A Tale of Two Cities to be Featured at the Ottawa Peace Festival
Join us on 30 September 2016 at Ottawa’s Peace Festival as we share our experience with PeaceTech and the Syrian conflict.
A Tale of Two Cities will be featured as part of a panel on PeaceTech and the Syrian Conflict: What Canadians Are Doing.
The special panel event will also feature our work on SalamaTech.
The conflict in Syria has been fought on, and through, the internet. Since 2012, SalamaTech has helped hundreds of thousands of Syrian civilians to stay safe online. Run by Canadians, SalamaTech is the only digital safety programme that delivers emergency assistance and on-the-ground protection to Syrians trapped by the conflict. We have seen how digital safety saves lives in Syria. Our Be Heard training helps authentic Syrian Voices of Resilience to make their voices heard on social media — to cut through the noise of conflict and send their messages to the world.
A group of youth in Ottawa worked with peers in Eastern Ghouta to create #Salt4Syria, a social media campaign.
#Salt4Syria challenges youth to show solidarity with their Syrian peers in Eastern Ghouta. The campaign, created by youth between the ages of 12 and 16, offers a number of ways for people to participate.
Taste The Bitterness of War
Participants can show support for young Syrians under siege by filming themselves tasting a pinch of salt, and sharing the video online. In taking #Salt4Syria, participants must nominate three more people to do it as well.
Join The Thunderclap
People can also help spread the word by signing up to share a message of solidarity via Thunderclap on 8 September 2016 at noon:
Why Does Solidarity Matter?
Solidarity matters because in a moment of need, we need to let people know that they are not alone. Especially if these people are children who are vulnerable and have already lost a lot in their life. They need to know that there is hope and that they aren't alone. Like the kids in Syria who have lost things such as their homes, their parents and siblings.
The youth organisers chose salt to represent the bitter taste of war - but it also reflects the tears of Syrian children, and an Arabic saying "there is salt and bread between us" which means we have a strong bond. Taking the #Salt4Syria challenge, then, is a means of creating a connection between Syrian and Canadian youth, showing solidarity and empathy for the challenges faced in war.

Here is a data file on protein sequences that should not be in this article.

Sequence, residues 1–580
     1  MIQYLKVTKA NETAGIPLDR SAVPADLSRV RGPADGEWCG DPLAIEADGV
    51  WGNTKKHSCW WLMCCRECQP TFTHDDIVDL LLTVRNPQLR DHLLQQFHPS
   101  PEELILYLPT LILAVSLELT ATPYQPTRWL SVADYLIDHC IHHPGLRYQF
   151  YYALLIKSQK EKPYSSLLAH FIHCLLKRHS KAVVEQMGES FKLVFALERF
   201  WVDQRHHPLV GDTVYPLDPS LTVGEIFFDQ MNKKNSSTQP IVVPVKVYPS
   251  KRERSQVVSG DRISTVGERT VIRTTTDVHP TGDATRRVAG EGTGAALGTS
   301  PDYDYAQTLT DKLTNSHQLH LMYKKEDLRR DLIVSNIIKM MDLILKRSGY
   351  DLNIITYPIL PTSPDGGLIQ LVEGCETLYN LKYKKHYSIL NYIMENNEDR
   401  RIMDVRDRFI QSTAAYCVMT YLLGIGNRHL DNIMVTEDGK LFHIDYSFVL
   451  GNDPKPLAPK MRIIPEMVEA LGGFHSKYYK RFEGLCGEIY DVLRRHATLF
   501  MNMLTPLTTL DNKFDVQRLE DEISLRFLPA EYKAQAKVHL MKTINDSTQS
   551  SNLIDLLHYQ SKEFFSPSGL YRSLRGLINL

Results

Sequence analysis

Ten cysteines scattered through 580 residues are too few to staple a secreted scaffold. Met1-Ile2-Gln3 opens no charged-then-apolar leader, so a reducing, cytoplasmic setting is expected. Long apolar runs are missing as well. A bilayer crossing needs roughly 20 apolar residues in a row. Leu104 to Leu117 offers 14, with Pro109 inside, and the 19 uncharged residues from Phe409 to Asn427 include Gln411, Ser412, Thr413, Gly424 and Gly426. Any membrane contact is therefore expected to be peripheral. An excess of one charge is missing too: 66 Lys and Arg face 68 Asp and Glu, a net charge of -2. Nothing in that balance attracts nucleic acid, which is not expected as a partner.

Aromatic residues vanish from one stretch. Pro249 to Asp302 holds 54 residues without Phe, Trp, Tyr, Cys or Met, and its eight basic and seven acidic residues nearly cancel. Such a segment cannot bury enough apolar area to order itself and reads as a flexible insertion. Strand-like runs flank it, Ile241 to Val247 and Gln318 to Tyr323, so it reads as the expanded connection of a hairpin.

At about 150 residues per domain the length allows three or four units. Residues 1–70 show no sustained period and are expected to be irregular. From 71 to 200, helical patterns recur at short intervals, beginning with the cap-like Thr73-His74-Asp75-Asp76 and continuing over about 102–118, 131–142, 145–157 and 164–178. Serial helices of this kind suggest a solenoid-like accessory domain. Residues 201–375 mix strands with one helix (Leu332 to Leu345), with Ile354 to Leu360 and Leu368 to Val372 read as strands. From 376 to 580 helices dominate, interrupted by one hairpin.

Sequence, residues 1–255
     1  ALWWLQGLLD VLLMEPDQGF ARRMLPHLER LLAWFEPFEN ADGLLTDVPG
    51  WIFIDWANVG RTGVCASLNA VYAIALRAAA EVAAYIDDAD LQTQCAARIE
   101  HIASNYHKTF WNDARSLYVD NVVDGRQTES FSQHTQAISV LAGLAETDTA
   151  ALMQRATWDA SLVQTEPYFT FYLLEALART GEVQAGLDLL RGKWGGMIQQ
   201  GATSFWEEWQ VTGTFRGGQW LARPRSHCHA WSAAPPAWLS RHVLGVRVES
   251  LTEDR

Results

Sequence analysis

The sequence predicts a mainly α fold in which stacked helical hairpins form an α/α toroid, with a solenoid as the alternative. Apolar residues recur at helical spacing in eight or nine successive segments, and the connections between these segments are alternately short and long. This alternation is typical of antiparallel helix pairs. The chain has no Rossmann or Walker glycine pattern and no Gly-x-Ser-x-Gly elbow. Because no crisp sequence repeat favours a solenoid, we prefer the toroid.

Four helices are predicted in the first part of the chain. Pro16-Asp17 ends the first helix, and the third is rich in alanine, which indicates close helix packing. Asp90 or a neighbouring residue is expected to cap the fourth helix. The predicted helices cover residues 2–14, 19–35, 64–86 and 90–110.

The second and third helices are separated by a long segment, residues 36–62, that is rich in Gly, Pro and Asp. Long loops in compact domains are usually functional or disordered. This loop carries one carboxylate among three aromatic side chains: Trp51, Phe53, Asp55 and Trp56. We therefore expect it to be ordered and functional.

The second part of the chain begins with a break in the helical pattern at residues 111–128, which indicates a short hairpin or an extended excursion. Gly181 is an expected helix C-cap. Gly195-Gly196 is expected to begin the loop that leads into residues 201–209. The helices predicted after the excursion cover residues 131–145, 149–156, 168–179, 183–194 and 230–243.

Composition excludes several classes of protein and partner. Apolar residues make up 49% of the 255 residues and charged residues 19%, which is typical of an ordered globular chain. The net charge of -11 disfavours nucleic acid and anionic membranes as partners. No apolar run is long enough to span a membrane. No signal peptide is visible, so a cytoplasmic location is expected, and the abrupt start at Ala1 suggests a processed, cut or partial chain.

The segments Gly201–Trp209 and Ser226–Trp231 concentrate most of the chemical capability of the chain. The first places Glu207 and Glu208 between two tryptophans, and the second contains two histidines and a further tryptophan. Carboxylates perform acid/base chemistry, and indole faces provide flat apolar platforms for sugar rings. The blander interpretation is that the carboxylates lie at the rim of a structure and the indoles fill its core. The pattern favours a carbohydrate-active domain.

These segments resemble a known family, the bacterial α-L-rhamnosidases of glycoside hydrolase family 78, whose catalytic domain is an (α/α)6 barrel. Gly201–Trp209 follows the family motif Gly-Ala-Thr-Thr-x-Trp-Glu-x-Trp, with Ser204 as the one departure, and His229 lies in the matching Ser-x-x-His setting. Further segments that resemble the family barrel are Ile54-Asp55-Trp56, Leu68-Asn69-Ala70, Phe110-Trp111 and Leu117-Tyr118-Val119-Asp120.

#Salt4Syria is the first project launched as part of A Tale of Two Cities, our pilot initiative that leverages the internet to connect youth in Syria with their peers in Canada. The pilot “twins” a group of Syrian children (ages 11-16) who have lost at least one parent in the conflict, with a group of Canadian youth – to exchange information and viewpoints on what it is like to be growing up under siege in Syria.
Many kids are trapped in Syria, caught in the conflict. They feel ignored, as the media focuses more on Daesh or the refugees who were able to leave. We are helping give the kids under siege a voice to be heard. Teaching them how to reach out.
The UN estimates there are some 4.5 million still living in difficult to reach parts of Syria - of which 400,000 are under siege. These people aren’t extremists, they are just average people caught in conflict, trying to survive. Without hope of a better future, though, even the most balanced person might be tempted to violence. Our partners are working to ensure this doesn’t happen.
Since 2012 SalamaTech has helped non-violent Syrians stay safe online and make their voices heard. In providing Emergency Tech support, we assist Syrians who have been arrested or had their accounts hacked. We encourage Syrian civil society organisations to operate securely with Digital Safety Audits and Real-Time Remediation. Our network of Information Freedom Champions provide in situ Be Heard training to support people caught by conflict inside Syria. Together we are empowering a chorus of Voices of Resilience - who will be heard.
In our work with Syrians trapped under siege, we learned about a little girl name Maram who was hearing impaired. Because of the siege, Maram ran out of batteries for her hearing aid. She couldn’t hear when planes were flying over, she couldn’t hide from bombs. Maram’s life was doubly in danger. And this made us want to create a program to help these non-violent Syrians trapped by the siege be heard and find help. And the concept of the Tale of Two Cities initiative was born, to try and bridge the divide.